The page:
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ActivityTV, Unschooling Teens, INCH Convention

Added by Heather Idoni

Monday, May 7, 2012
Vol. 13 No. 10, May 7, 2012, ISSN: 1536-2035
(c) 2012, Heather Idoni - www.FamilyClassroom.net

Welcome to The Homeschooler's Notebook!

If you enjoy this newsletter, please recommend it to a friend! 

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And please visit our sponsors -- they make this publication possible! :-)



It’s time once again forOak Meadow’s Annual Spring Sale, and that means great savings on their award-winning homeschool curriculum and enrollment in their fully-accredited distance learning school. Make sure you take a look at their curriculum samples before visiting their online bookstore for 20% savings on their homeschool curriculum. Enrollment in their fully accredited distance learning school is also 10% off this month. And for something free, make sure you visit their quarterly journal, Living Education. The winter issue was completely devoted to writing, and included great articles such as Thoughts on Teaching Writing PreK -8 and Hardwired for Writing: The Intelligence of the Hand. Inspiration and savings for your home school program are just a click away!


Notes from Heather
-- Michigan Convention Time!
Winning Website
-- Arkive.org
Helpful Tip
-- Activity TV
Reader Question
-- Unschooling Teen Years
Additional Notes
-- Newsletter Archives
-- Sponsorship Information
-- Reprint Information
-- Subscriber Information

Notes from Heather

Getting Ready for INCH!

This week our family is packing for the INCH convention in Lansing, Michigan. We are bringing our wonderful audio stories, as well as hundreds and hundreds of low-priced used books and half-priced new ones. (No curriculum here -- just great "living" books!)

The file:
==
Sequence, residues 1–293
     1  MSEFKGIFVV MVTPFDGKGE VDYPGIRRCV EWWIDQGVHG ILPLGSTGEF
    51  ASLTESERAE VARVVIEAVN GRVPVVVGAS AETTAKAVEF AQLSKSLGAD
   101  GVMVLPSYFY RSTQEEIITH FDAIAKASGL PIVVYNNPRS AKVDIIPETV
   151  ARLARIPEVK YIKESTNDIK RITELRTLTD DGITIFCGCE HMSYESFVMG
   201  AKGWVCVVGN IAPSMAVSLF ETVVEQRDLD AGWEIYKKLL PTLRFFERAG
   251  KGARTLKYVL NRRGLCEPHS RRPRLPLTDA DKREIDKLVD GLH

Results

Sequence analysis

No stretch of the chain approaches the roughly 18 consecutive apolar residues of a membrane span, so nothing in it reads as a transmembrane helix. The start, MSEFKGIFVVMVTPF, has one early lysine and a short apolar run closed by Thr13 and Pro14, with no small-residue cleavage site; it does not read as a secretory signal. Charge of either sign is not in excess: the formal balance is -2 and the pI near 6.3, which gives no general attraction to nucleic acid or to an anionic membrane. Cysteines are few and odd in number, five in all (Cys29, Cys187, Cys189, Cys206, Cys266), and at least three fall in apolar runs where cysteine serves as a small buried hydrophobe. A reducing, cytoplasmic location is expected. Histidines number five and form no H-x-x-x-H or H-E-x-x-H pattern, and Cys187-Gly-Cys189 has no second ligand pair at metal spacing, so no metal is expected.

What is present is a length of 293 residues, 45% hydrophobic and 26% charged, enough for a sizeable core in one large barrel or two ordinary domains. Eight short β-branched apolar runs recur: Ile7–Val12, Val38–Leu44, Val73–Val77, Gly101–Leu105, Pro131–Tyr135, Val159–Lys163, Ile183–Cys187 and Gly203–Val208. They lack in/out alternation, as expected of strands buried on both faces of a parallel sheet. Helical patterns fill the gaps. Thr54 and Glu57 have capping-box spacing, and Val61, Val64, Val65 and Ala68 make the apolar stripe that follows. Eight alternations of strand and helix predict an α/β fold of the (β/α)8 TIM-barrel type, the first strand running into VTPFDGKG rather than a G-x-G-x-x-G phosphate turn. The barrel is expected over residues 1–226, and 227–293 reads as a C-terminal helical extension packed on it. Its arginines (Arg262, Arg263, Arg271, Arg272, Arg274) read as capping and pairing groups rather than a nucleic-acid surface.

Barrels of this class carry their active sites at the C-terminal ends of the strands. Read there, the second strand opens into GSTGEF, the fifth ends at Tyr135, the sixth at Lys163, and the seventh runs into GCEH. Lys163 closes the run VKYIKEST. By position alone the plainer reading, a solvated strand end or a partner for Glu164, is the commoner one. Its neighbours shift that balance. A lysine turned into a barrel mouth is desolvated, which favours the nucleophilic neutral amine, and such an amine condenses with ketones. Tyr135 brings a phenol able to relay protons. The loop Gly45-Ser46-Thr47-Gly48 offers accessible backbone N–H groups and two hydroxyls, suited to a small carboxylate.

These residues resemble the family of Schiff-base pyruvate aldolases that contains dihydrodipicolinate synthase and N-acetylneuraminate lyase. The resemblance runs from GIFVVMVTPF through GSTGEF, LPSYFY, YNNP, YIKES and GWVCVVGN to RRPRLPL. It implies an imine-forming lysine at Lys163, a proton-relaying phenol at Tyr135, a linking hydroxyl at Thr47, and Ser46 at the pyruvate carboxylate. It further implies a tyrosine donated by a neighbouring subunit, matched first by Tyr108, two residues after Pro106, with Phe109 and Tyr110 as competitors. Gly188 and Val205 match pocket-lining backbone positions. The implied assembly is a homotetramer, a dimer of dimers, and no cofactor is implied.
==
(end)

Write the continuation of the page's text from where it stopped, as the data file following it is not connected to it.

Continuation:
If you have plans to come, please stop by and say hello at the Beloved Books booth! :-)

-- Heather


Are you heading to your own local homeschool conference soon? Check out this previous issue which has an article with great tips for planning ahead to make the most of it!

Making the Most of Homeschool Curriculum Fairs


Your feedback is always welcome! Just send your email to heather(at)familyclassroom.net.



Oak Meadow Families Share Their Thoughts...

“We have been super structured homeschoolers, as well as tried our hand at unschooling, but I think for us Oak Meadow is the perfect balance. I want my children to not only be well educated, but completely educated. The way that Oak Meadow allows for the entire person to grow is truly beautiful.”

“I tell people all the time how thorough and fantastic this curriculum is. My children...do not take well to memorization or workbook assignments. They love the hands-on approach and are learning to learn.”

“If you want to love homeschooling, use Oak Meadow. Have faith in it and enjoy it. It’s more than a curriculum, it’s a guide for a wonderful lifestyle of learning with your family.”

Learn more about Oak Meadow


Winning Website